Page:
There are two basic problems with the grotesque non-report on the Islamist- terror massacre at Fort Hood (released by the Defense Department yesterday):
* It's not about what happened at Fort Hood.
* It avoids entirely the issue of why it happened.
Rarely in the course of human events has a report issued by any government agency been so cowardly and delusional. It's so inept, it doesn't even rise to cover-up level.
"Protecting the Force: Lessons From Fort Hood" never mentions Islamist terror. Its 86 mind-numbing pages treat "the alleged perpetrator," Maj. Nidal Malik Hasan, as just another workplace shooter (guess they're still looking for the pickup truck with the gun rack).
Reading the report, you get the feeling that, jeepers, things actually went pretty darned well down at Fort Hood. Commanders, first responders and everybody but the latest "American Idol" contestants come in for high praise.
The teensy bit of specific criticism is reserved for the "military medical officer supervisors" in Maj. Hasan's chain of command at the Walter Reed Army Medical Center. As if the problem started and ended there.
Unquestionably, the officers who let Hasan slide, despite his well-known wackiness and hatred of America, bear plenty of blame. But this disgraceful pretense of a report never asks why they didn't stop Hasan's career in its tracks.
The answer is straightforward: Hasan's superiors feared -- correctly -- that any attempt to call attention to his radicalism or to prevent his promotion would backfire on them, destroying their careers, not his.
Hasan was a protected-species minority. Under the PC tyranny of today's armed services, no non-minority officer was going to take him on.
This is a military that imposes rules of engagement that protect our enemies and kill our own troops and that court-martials heroic SEALs to appease a terrorist. Ain't many colonels willing to hammer the Army's sole Palestinian-American psychiatrist.
Of course, there's no mention of political correctness by the panel. Instead, the report settles for blinding flashes of the obvious, such as "We believe a gap exists in providing information to the right people." Gee, really? Well, that explains everything. Money well spent!
Or "Department of Defense force protection policies are not optimized for countering internal threats." Of course not: You can't stop an internal threat you refuse to recognize.
The panel's recommendations? Wow. "Develop a risk-assessment tool for commanders." Now that's going to stop Islamist terrorists in their tracks.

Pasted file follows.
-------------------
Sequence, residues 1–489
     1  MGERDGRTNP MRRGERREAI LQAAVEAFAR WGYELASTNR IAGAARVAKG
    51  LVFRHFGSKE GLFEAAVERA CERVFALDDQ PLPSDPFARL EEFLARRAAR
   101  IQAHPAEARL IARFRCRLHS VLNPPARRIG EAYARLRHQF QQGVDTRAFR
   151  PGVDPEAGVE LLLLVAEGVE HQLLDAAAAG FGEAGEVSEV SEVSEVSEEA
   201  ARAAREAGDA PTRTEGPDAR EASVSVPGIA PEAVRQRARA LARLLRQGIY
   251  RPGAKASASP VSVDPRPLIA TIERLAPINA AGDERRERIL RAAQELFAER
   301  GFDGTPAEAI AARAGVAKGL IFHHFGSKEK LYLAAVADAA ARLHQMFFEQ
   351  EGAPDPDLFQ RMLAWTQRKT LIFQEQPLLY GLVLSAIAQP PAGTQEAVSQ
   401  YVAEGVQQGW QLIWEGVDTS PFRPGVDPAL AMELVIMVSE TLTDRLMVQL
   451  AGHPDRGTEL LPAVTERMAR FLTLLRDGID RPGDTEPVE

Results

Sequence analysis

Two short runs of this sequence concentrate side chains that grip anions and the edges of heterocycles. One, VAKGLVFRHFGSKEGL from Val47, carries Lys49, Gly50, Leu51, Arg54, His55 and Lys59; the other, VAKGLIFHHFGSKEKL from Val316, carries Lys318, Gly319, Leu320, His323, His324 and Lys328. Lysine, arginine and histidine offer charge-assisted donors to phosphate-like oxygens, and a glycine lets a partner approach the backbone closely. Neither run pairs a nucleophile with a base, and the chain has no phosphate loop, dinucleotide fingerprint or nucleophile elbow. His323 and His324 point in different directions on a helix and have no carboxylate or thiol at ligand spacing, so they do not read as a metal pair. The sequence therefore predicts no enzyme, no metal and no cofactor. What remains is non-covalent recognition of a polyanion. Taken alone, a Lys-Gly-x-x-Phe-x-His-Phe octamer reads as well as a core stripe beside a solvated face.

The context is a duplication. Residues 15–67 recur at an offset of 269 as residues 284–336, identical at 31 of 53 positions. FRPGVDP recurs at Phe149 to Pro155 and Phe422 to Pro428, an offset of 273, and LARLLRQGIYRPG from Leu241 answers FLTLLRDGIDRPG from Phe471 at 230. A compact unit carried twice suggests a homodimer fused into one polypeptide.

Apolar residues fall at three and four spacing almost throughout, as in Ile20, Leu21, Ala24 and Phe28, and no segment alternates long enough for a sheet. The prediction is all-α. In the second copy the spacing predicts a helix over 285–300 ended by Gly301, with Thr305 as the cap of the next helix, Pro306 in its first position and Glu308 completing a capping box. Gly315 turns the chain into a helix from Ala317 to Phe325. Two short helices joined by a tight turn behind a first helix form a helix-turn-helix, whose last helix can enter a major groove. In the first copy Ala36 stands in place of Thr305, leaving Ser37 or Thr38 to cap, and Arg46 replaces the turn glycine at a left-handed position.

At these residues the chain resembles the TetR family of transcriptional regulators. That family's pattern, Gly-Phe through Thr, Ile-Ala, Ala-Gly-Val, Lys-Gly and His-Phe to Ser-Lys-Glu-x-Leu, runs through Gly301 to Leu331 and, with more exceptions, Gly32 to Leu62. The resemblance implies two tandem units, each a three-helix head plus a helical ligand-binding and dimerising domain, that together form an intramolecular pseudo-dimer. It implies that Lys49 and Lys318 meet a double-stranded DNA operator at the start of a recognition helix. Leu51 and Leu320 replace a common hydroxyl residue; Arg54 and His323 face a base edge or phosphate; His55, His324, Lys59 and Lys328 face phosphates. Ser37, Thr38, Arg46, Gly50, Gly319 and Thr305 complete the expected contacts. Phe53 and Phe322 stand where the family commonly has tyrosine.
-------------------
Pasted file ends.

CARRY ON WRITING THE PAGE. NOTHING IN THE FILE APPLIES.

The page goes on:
The Fort Hood massacre didn't reflect an intelligence failure. The intelligence was there, in gigabytes. This was a leadership failure and an ethical failure, at every level. Nobody wanted to know what Hasan was up to. But you won't learn that from this play-pretend report.
The sole interesting finding flashes by quickly: Behind some timid wording on pages 13 and 14, a daring soul managed to insert the observation that we aren't currently able to keep violence-oriented religious extremists from becoming chaplains. (Of course, they're probably referring to those darned Baptists . . .)
To be fair, there's a separate, classified report on Maj. Hasan himself. But it's too sensitive for the American people to see. Does it even hint he was a self-appointed Islamist terrorist committing jihad? I'll bet it focuses on his "personal problems."
In the end, the report contents itself with pretending that the accountability problem was isolated within the military medical community at Walter Reed. It wasn't, and it isn't. Murderous political correctness is pervasive in our military. The medical staff at Walter Reed is just where the results began to manifest themselves in Hasan's case.
Once again, the higher-ups blame the worker bees who were victims of the policy the higher-ups inflicted on them. This report's spinelessness is itself an indictment of our military's failed moral and ethical leadership.
We agonize over civilian casualties in a war zone but rush to whitewash the slaughter of our own troops on our own soil. Conduct unbecoming.
Ralph Peters' latest book is "The War After Armageddon."